In June of 2013, Sesame Street debuted its first character with a parent in prison. The Sesame Street website now features a page of video clips and guides to help children facing this situation. But how likely is it a child will see his or her parent go behind bars?
The U.S. has a high rate of incarceration, about 760 per 100,000. The rates are higher than peer countries – five times the rate of Britain, and eight times the rate of Germany. But are the rates even higher for families with criminal pasts?
Center for Political Studies (CPS), School of Social Work, and Women’s Studies Professor Emerita Rosemary Sarri studies social policy, with an emphasis on children in the justice system. In a paper just published with Irene Ng and Elizabeth Stoffregen in the Journal of Poverty, Sarri considers the intergenerational nature of incarceration.
The study grew from a larger effort to understand preparation of youth returning from detention to the community. Data analysis revealed high levels of parental imprisonment among the youth in the sample. So the researchers considered the issue in more depth.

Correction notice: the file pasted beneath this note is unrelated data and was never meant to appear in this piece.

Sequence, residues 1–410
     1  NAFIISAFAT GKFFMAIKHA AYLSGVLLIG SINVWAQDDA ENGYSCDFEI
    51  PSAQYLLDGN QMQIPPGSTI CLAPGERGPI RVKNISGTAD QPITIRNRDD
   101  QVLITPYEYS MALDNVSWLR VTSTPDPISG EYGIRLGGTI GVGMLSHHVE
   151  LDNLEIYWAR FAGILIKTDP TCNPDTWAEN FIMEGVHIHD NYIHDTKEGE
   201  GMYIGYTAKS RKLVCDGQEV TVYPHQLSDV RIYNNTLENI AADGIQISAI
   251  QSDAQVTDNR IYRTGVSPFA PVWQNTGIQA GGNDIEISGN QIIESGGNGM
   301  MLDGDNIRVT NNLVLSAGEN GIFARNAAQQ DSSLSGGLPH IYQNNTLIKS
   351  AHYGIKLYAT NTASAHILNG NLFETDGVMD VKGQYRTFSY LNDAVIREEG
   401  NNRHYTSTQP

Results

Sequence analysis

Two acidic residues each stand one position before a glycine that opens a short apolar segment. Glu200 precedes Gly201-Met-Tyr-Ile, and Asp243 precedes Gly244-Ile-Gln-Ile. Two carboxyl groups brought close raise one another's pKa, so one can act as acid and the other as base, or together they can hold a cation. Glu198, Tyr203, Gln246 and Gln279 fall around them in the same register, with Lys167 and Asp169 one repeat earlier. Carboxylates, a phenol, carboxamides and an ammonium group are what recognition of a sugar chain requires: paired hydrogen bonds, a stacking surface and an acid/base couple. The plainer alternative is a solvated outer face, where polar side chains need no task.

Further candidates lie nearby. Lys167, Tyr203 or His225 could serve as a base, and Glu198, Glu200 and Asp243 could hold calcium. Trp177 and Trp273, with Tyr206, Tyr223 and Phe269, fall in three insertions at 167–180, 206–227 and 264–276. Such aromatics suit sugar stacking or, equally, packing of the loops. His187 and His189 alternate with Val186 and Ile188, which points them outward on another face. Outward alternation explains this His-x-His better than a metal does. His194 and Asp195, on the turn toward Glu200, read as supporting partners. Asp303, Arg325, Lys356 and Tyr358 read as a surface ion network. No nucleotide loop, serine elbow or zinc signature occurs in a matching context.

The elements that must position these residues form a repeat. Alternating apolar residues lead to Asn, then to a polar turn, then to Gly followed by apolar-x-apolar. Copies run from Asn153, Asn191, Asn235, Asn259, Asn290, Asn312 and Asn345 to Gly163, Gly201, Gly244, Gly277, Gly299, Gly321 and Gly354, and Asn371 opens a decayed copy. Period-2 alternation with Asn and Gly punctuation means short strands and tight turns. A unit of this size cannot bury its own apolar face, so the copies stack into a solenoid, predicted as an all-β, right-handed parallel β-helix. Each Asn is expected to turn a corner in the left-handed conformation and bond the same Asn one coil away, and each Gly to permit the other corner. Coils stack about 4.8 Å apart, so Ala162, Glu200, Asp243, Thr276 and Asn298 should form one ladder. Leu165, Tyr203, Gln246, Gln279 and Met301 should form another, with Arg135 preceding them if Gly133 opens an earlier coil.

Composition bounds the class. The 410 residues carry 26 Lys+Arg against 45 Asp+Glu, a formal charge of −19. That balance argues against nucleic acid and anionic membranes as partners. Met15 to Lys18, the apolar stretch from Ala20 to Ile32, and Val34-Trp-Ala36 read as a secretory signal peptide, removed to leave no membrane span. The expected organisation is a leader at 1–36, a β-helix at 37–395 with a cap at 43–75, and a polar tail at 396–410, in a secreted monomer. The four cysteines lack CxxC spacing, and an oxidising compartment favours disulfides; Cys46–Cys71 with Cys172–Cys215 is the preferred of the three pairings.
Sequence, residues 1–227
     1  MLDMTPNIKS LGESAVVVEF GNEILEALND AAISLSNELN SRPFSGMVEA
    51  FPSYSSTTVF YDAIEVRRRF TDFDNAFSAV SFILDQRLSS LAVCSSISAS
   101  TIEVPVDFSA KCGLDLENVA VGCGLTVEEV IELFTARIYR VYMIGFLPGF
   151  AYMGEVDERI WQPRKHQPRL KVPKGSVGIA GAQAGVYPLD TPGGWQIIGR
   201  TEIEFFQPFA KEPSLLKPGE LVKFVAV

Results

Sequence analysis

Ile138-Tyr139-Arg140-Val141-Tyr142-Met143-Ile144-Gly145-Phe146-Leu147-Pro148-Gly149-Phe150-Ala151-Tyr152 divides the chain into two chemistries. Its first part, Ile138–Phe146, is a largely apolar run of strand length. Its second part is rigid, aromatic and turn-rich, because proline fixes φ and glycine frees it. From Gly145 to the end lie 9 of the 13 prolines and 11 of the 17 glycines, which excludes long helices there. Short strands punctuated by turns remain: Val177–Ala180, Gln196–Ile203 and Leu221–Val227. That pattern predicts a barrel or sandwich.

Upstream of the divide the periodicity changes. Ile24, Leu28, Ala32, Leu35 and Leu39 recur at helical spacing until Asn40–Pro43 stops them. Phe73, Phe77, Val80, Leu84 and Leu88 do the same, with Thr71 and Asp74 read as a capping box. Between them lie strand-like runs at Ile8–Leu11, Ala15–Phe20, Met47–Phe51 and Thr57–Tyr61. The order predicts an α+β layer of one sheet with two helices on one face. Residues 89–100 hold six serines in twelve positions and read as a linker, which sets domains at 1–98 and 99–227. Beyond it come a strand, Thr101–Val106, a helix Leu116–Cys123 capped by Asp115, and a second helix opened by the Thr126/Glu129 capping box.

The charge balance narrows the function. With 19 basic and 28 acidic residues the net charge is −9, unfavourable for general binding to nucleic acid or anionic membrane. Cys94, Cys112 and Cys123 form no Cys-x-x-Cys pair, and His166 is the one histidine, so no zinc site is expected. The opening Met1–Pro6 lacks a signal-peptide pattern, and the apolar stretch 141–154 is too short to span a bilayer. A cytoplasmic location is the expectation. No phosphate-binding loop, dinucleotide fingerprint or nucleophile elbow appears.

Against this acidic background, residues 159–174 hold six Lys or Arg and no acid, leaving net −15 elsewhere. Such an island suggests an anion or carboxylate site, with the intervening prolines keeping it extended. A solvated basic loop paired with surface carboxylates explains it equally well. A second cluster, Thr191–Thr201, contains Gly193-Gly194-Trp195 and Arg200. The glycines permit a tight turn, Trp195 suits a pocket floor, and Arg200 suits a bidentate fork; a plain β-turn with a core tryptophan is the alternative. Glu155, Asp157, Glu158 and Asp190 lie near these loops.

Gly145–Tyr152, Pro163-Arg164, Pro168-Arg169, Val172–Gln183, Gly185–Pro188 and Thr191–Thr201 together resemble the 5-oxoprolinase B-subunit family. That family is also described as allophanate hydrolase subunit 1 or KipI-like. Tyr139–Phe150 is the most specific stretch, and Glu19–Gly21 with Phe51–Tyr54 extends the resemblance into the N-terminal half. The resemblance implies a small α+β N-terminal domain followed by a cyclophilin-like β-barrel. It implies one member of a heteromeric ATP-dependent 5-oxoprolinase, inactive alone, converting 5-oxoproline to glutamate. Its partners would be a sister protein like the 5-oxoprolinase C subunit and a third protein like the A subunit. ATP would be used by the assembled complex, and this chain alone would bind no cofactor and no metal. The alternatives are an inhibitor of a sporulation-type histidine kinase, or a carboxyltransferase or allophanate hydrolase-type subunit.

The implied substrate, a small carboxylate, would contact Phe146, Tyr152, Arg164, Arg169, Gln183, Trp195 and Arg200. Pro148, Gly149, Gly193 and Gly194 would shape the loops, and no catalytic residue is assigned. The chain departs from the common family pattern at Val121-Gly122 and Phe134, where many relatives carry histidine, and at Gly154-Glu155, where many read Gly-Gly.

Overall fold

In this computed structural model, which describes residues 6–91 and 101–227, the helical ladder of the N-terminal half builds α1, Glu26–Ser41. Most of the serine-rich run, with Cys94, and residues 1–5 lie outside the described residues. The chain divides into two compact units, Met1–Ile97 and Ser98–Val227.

The researchers broke their participants into three groups: low, medium, and high levels of parental incarceration. Then they performed a cluster analysis to determine if these three groups varied along different factors.
The results indicate that higher levels of parental incarceration correspond to negative life events, parental substance abuse, receiving federal assistant, placement in foster care, neighborhood quality and instability, stigma, and negative youth outcomes. The graph below displays four of these associations by level of parental incarceration.
So having a parent in prison not only increases the risk of a child facing juvenile lock up, but is also associated with other negative experiences. The troubles appear to perpetuate along family trees. A staggering 53% of the juvenile offenders in the study have children themselves. Further, most of the male participants expected little future contact with their children.
It would be easy to be pessimistic given these results, but the results highlight a situation that needs to be addressed. In response, Sarri calls for a re-examination of imprisoning parents. She argues that these families and society at large could benefit from community programs that support families. Such community programs demonstrate long-term positive effects for both parents and children. When used for non-violent offenses, like drug abuse, such community programs protect public safety while potentially redirecting the growth of ill-fated family trees. Sarri also suggests parenting training, substance abuse and mental health treatment, workforce development, and community organization to relieve disorganization. These preventative services could help redirect families before there’s a problem.